One Photo to Save Them All – Cancer Can’t Keep a Good Dog Down

Cancer doesn’t have a conscience. It takes precious things from you and leaves a dark aftermath. I figured that out when Malcolm exited this world. For months I stood in a deep pit of sadness with so many unanswered questions. It didn’t take long for me to look around and see others sitting in that dirt right beside me.

To honor the great undaunted spirits of our friends taken by cancer, I started a calendar back in 2009. It was a simple and beautiful way to make some sense of these dark experiences, and the goodness just keeps growing. People write to my foundation (Puppy Up) with their stories and pictures every year. Puppy Up publishes the calendar and uses the proceeds to help fund major comparative oncology studies. It’s an overlooked but critical area of cancer research that can give us endless information. 


My own Murphy appeared on one cover. If you want to tell us your story and join the fight against cancer in people and companion animals, I’ve posted the rules below.

Every single story helps, and we appreciate anything you can do.

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Welcome to the 2015 Cancer Can’t Keep a Good Dog Down Calendar Contest!This contest gives you a way to honor your canine cancer hero while helping the Puppy Up Foundation raise funds for cancer research to benefit pets and humans.
How Does It Work? 
Register your dog. Simply upload your dog’s story and photo. For best results, use the best high-resolution digital photo you have. Please also be prepared to submit a high resolution digital photo of the same image (minimum of 500kb) upon request for reproduction in the calendar. Then provide a brief summary of your dog’s story. The more you show your dog’s personality, the more votes you will receive!

Who Can Enter? Anyone with a dog who currently has or has had cancer (living or passed) can enter, including dogs who have entered in previous 2 Million Dogs/Puppy Up calendar contests.
Get started right now. Or for more info, keep reading.
Voting Begins As Soon As You Enter
Your $ 10 registration becomes the first 10 votes for your dog.
To add more votes, share your dog’s page on your favorite social media sites like Facebook and Twitter, and encourage everyone to vote for your dog. (The first vote is $ 5. All subsequent votes are $ 1 each.)
The 13 pets with the highest number of votes will win a Dog of the Month slot on the calendar. ALL photo entries will be included in our 2015 Calendar Photo Gallery. 
Your participation helps fund vital cancer research for dogs and humans. 
Begin here and follow the directions. Be sure to write down and remember your user name and password! 
For questions about the contest, please contact Erich Trapp at erich@puppyup.org.
 FAQ
Where Do My Voting Dollars Go? 
Your voting dollars go to fund cutting-edge research in comparative oncology, that branch of research that benefits both companion animals and humans in our fight against cancer.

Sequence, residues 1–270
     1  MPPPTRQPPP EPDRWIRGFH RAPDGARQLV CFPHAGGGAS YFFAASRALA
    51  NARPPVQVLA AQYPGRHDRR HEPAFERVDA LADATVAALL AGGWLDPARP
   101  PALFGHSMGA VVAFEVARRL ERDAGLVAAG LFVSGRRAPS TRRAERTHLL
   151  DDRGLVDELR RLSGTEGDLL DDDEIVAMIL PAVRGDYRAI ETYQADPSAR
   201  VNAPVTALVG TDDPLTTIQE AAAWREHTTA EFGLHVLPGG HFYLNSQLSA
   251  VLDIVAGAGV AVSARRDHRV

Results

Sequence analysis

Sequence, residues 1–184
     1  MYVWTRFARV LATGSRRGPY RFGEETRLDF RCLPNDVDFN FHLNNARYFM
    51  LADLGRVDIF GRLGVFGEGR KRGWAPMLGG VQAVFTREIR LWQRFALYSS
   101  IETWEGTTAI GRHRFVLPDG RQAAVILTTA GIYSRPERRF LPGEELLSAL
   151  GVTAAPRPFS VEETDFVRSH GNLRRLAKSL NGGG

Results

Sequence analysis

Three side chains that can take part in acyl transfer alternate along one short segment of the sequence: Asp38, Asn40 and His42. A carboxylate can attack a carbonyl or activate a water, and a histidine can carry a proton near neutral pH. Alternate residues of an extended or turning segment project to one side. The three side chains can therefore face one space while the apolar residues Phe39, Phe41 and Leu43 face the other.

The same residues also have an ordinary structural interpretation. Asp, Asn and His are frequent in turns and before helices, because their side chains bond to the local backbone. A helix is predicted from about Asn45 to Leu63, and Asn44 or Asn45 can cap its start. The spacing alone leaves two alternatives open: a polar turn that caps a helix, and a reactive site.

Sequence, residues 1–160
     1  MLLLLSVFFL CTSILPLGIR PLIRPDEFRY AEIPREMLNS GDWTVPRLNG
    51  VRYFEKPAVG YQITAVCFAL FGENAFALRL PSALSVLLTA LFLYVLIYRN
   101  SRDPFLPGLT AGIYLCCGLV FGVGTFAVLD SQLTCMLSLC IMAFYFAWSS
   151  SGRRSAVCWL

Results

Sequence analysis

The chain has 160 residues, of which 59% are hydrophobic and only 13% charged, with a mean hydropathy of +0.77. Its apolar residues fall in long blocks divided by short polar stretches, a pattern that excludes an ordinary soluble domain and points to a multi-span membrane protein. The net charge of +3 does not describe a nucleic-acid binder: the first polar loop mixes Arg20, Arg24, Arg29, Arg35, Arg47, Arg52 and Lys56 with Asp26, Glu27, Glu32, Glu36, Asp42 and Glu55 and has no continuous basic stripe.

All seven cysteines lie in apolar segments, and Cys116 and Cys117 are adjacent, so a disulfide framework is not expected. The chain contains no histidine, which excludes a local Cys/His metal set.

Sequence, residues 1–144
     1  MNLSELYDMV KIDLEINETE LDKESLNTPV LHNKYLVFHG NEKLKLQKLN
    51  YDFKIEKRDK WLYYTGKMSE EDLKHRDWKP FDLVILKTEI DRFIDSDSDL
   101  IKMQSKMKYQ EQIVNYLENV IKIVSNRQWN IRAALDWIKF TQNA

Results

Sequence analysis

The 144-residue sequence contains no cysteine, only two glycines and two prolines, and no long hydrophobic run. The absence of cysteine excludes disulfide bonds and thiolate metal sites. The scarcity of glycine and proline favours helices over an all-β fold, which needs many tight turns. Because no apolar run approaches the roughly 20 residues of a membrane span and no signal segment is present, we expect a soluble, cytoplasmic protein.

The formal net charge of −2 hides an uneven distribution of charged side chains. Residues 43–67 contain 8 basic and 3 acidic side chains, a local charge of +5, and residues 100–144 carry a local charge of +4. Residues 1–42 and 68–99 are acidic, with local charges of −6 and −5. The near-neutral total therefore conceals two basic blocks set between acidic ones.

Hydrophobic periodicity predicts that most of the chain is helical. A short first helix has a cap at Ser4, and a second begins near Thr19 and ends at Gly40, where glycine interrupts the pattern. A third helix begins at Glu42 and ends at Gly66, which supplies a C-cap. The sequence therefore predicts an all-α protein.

What Makes a Puppy Up Calendar so Special?
Puppy Up Foundation uses our annual calendar as an educational tool about a critical and often overlooked area of cancer research called comparative oncology. There are important clues in the connections between human and canine cancers, especially since the resulting treatments benefit both species. One of the best ways to call attention to the need for this research is by telling your stories and showing your photos. It also helps transform our losses into information that helps fight the world’s deadliest disease.
Why Do I Need This Calendar (when it’s published)?
First, every dog entered appears in the calendar. No one gets left behind. We have a whole section of gallery photos dedicated to all of the dogs entered into the contest in addition to our winners who are featured as each month’s “model.”  We also include regular ‘people’ holidays and special dog holidays like National Puppy Day, Pet Theft Awareness Day, Take Your Dog to Work Day, World Animal Remembrance Month, Pet Cancer Awareness Month, etc.
Each calendar is a one-of-a-kind keepsakes.
Start right here today: look for the Register Here button on the left of the page. Click it and follow the directions.

Have fun and good luck!

THE JOURNEY CONTINUES

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American Idol Finalist Jess Meuse to Perform at Boxerstock

American Idol alum Jess Meuse will help to raise awareness of Atlanta Boxer Rescue by raising her voice in song on stage at Jim Miller Park in Marietta during Boxerstock. The fourth-place finalist on…



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DogTipper

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Latest Fipronil News

Fipronil hat Bienensterben in Zäziwil ausgelöst ? handelszeitung.ch
Nachricht von www.nzz.ch: Die Substanzen Neonicotinoid und Fipronil gefährdeten Ökosysteme ähnlich schwer wie das Insektizid DDT, sagen Experten. Nach der Analyse von über 800 Studien fordern sie den weltweiten Ausstieg. weiterlesen … Forum.